Those opportunities are to limit liability ( I refer to non audit clients only ) and to build into engagement letters for limited liability entities personal guarantees of the owners in reltaion to our fees.

We dont just slide these clauses in we draw clients' attention to them. We experience no resistance to them from clients.



macdougall's picture

The time it takes

macdougall | | Permalink

Number of pages?  Ours run to 8 pages.

With a computer you don't need a secretary, although I can see the benefit of having one.   It's literally one more doc to send to the client with his tax return / accounts, or whatever.

Always send out two copies, one for the client and one to be returned.  I send an SAE, too, every time I send anything to a client that I would like back.

The only real problems I have are clients in the UAE.   Attachments to emails frequently don't seem to arrive and when I've posted paper they don't seem to arrive, either.   But the CIOT has an answer for this problem.

engagement leeters and PII

malcolmrichards | | Permalink


We supply our insured's with suitable wordings as part of our Risk Mnagement for our Underwriters. p.m me advice.

Engagement Letters

haddison | | Permalink

As a MIP, this should be one of the first letter you send to a new client

Client's copy

Eddystone | | Permalink

First time we ever sent out engagement letters we forgot to send copies for clients to retain - not  a single one noticed this !

But surely by definition they don't need to be sent annually ?  If so they'd be called re-engagement letters.


npreynolds | | Permalink


the engagement letter sets out the details of your contract so it should not need to be replaced unless the contractual arrangement changes or our regulators indicate a chnage is needed.

LoE Software

chatman | | Permalink

macdougall wrote:
It runs off the software.  Takes a minute or two each.

What software? I would love it.

@ Mark Lee, LoE is also mandatory for AAT MiPs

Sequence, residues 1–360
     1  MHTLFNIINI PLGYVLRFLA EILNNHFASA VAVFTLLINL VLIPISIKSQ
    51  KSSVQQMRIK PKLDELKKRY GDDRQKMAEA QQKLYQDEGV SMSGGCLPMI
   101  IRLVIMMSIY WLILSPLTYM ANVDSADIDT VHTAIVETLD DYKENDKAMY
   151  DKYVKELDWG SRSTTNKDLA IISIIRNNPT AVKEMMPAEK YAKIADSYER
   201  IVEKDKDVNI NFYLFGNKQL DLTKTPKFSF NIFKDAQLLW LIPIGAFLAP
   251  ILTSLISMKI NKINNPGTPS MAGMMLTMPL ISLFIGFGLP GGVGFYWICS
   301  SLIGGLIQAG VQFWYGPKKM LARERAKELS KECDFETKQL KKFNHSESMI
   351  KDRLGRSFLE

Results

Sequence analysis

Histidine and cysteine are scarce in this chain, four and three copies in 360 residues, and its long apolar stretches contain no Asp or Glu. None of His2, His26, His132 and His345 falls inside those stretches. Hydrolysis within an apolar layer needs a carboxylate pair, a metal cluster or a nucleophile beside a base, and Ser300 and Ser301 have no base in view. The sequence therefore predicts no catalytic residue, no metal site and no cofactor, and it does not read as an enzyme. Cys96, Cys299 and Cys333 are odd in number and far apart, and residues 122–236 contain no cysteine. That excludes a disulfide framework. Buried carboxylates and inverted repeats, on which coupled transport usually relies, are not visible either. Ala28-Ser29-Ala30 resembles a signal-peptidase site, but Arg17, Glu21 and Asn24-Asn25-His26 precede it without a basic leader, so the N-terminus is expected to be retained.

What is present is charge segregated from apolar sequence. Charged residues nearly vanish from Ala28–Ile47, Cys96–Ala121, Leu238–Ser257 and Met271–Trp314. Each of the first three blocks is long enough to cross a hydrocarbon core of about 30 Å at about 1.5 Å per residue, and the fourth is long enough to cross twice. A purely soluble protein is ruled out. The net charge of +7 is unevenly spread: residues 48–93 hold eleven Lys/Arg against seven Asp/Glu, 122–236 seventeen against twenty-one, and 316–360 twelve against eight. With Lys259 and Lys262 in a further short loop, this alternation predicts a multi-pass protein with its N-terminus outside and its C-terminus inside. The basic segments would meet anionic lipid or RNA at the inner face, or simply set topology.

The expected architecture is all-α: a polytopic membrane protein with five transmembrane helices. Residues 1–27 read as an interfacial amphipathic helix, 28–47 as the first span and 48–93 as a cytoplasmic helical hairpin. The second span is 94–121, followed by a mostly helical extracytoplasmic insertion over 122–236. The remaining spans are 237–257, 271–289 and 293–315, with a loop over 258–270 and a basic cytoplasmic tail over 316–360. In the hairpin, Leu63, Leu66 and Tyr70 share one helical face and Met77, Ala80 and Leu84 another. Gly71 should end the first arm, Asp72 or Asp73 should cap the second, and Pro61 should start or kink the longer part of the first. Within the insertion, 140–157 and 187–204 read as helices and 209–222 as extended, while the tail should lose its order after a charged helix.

A-salam | | Permalink

Just to clarify that issuing a LoE is also mandatory for AAT Members in Practice. This became mandatory from October 2011.

returned by client

davidlchapman | | Permalink

Does anybody ever check that the signed copy returned by clients is the one they actually sent them to sign and return ie the client has not inserted a clause claiming ownership of your soul?

jon_griffey's picture

Industry standard terms

jon_griffey | | Permalink


Engagement letters should really be sent annually as legislative churn is ever increasing.  RTI is the latest one, which will render all payroll engagement letters out of date.  However this is a major administrative burden.

What I want to see are the institutes publish standard industry terms.  In essence you can then boil the engagement letter down to one side of A4 to say something like 'this engagement is in accordance with ACCA standard terms, copies of which can be found on the ACCA website' and then list the services provided, such as accounts, payroll, self-assessment.  ACCA can then continuously update the terms centrally.  Lets face it, probably 98% of the engagement letters are boilerplate and it is daft that we all have to churn it out each time.  I seem to recall that something similar is done with RICS members who simply refer to the RICS standard terms in their engagement letters.


Mark Lee - as a respected commentator on engagement letters do you think this idea is a runner?


LouiseHerrington | | Permalink

I'd also like to know what software produces the letters.



JAADAMS's picture


JAADAMS | | Permalink

My Digita tax return software has a basic engagement letter. - obviously automatically inserts the name and address.

Engagement Letters

denise.poulter | | Permalink

Runs off the software?? What do you use??